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Authors: Harris, Andrew* 
Mannini, Stefano* 
Calabrò, Laura* 
Calvari, Sonia* 
Gurioli, Lucia* 
Chevrel, Magdalena Oryaëlle* 
Favalli, Massimiliano* 
Villeneuve, Nicolas* 
Title: Forest destruction by ‘a‘ā lava flow during Etna's 2002–03 eruption: Mechanical, thermal, and environmental interactions
Journal: Journal of Volcanologi and Geothermal Research 
Series/Report no.: /429 (2022)
Publisher: Elsevier
Issue Date: 4-Jul-2022
DOI: 10.1016/j.jvolgeores.2022.107621
Keywords: Channelized ‘a‘ ̄a lava flow
thermal imagery
lava flows
2002-03 eruption
forest destruction
tree molds
Etna volcano
cooling rates
Interaction lava and trees
Subject Classification04.08. Volcanology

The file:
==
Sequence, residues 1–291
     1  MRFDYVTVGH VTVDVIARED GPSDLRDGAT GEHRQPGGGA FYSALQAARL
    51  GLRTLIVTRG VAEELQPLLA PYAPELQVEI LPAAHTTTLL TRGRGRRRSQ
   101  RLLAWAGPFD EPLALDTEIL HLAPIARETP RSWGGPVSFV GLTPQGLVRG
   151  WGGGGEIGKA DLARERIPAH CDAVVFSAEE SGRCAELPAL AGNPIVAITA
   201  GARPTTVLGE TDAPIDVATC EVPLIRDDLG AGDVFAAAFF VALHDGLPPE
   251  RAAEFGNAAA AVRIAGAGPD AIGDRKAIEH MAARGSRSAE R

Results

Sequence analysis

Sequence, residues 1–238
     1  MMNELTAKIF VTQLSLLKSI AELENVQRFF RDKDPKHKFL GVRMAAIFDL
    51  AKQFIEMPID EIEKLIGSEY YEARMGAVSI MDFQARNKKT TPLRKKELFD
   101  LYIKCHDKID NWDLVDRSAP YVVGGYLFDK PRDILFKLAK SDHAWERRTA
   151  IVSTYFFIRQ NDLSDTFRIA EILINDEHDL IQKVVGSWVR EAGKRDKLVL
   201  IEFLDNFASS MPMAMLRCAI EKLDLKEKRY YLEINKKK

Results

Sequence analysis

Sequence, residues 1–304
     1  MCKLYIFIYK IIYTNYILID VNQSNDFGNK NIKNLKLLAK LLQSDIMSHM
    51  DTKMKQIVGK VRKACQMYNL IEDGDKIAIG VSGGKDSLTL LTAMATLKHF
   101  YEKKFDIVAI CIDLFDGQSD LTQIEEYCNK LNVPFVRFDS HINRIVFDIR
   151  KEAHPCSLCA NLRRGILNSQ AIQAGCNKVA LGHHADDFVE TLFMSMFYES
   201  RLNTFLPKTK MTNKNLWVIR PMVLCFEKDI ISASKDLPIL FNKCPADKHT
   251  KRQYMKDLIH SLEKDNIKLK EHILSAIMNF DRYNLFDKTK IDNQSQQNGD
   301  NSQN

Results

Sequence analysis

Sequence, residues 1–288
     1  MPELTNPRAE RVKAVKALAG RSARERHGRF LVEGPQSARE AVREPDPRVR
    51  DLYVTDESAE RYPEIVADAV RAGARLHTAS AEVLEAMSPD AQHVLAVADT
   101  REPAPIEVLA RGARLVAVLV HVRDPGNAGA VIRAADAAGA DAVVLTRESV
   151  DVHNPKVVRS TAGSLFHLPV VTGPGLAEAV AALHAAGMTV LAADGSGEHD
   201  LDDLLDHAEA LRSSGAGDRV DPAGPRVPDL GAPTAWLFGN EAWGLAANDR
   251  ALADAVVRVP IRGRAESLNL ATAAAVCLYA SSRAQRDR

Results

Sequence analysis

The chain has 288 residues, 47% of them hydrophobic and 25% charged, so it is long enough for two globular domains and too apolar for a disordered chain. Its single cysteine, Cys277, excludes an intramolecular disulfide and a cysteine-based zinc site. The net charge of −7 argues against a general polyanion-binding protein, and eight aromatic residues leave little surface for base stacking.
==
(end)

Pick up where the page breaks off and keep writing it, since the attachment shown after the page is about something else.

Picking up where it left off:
Abstract: Forest destruction by ‘a‘ ̄a lava flow is common. However, mechanical and thermal interactions between the invading lava and the invaded forest are poorly constrained. We complete mapping, thermal image and sample analyses of a channel-fed ‘a‘a ̄ lava flow system that invaded forest on the NE flank of Mt. Etna (Italy) in 2002. These lava flows destroyed 231,000 trees, only 2% of which are still visible as felled trunks on the levees or at the channel-levee contact. The remaining 98% were first felled by the flow front, with the trunks then buried by the flow. Rare tree molds can be found at the rubble levee base where trees were buried by avalanching hot breccia and then burnt through, with a time scale for total combustion being a few days. Protruding trunks fell away from the flow, if felled by blocks avalanching down the levee flank, or became aligned with the flow if falling onto the moving stream. Estimated cooling rates (0.1–5.5 ◦C km− 1) are normal for well-insulated ‘a‘a ̄ flow, suggesting no thermal interaction. We find the highest phenocryst concentrations (of 50–60%, above an expected value of 30–40%) in low velocity (<0.5 m s− 1) locations. These low velocity zones are also characterized by high trunk concentrations. Thus, the common factor behind crystal and trunk deposition is velocity. That is, when the lava slows down, crystal settling occurs and trunks are preferentially deposited. Thus, although we find no thermal or textural effects due to the presence of the forest, we do find mechanical and environmental in- teractions where the trees are consumed to become part of the flow.
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